Focus on Francophone, now with Cote D’Ivoire and Senegal offers us the opportunity to have a direct presence in all the major economic hubs in the West. These two countries – Senegal and Cote D’Ivoire – are focus markets for MainOne, not only as the largest UEMOA (West African Economic and Monetary Union) markets, but also due to their relevance as the top two key francophone hubs in the region. Cote d’Ivoire and Senegal account for more than half the block’s GDP and trade flows, acting as vital lifelines for their landlocked neighbours, Burkina Faso, Mali and Niger. Both countries also have the largest banking sectors in UEMOA and are emerging as the key Fintech innovation hubs in Francophone Africa.

Given this socio-economic relevance, these markets are important to our customers and highly attractive to MainOne, given our interest in growing the digital economy and supporting innovation and entrepreneurship for the overall growth of West Africa. Over the next few years, we plan to drive more international bandwidth into the Francophone region to drive down costs, support local businesses, especially Internet Service Providers and to address the challenges of procuring capacity at competitive rates. We are committed to collaborating with incumbent operators within these countries to crash connectivity costs in the region towards enhancing regional integration and global access. We believe this will make the internet more accessible to all users in the region and support the rapid pace of development in the region, facilitate increased non-resources trade, globalization and ultimately improve public services to aid the evolution of regional businesses.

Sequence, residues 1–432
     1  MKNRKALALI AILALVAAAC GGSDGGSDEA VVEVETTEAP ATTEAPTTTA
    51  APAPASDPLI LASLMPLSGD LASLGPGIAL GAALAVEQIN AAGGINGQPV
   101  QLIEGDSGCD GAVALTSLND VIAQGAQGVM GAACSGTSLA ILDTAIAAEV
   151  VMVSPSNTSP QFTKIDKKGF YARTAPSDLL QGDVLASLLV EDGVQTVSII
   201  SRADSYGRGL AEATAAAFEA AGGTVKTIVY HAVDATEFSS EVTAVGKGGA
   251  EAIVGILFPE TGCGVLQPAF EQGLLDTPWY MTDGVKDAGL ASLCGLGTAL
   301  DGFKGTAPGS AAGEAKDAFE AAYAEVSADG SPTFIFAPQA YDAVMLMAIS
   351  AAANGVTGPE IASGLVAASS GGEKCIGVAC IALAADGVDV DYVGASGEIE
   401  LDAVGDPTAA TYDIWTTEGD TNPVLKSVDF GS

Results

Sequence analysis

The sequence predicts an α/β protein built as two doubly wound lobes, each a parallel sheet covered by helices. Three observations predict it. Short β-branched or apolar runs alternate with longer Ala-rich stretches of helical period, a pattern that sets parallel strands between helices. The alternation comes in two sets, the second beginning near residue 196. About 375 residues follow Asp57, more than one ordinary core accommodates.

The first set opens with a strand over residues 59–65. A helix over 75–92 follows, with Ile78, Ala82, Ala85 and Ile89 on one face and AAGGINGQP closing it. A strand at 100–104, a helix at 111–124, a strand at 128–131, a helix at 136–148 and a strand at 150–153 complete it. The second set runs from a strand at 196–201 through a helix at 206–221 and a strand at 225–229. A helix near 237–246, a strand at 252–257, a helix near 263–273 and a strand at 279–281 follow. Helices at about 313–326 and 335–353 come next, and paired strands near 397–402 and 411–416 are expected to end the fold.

What is next after Cote D’Ivoire and Senegal?
We would like to see more regional traffic within the continent and will definitely continue to invest in extending our services to other countries, building data centres and raising the region’s digital profile by deepening technology penetration and availability of connectivity services. We will continue to focus on improved services in our countries of operation while we identify new countries to target. We also plan to drive improved regional integration, especially of landlocked countries such as Niger, Burkina Faso, Chad and Mali. Though MainOne already delivers services to Burkina Faso through Ghana, and Chad through Cameroun, our new Ivorien route will open up more countries and have a multiplier effect on Africa’s economies still battling with inferior access infrastructure.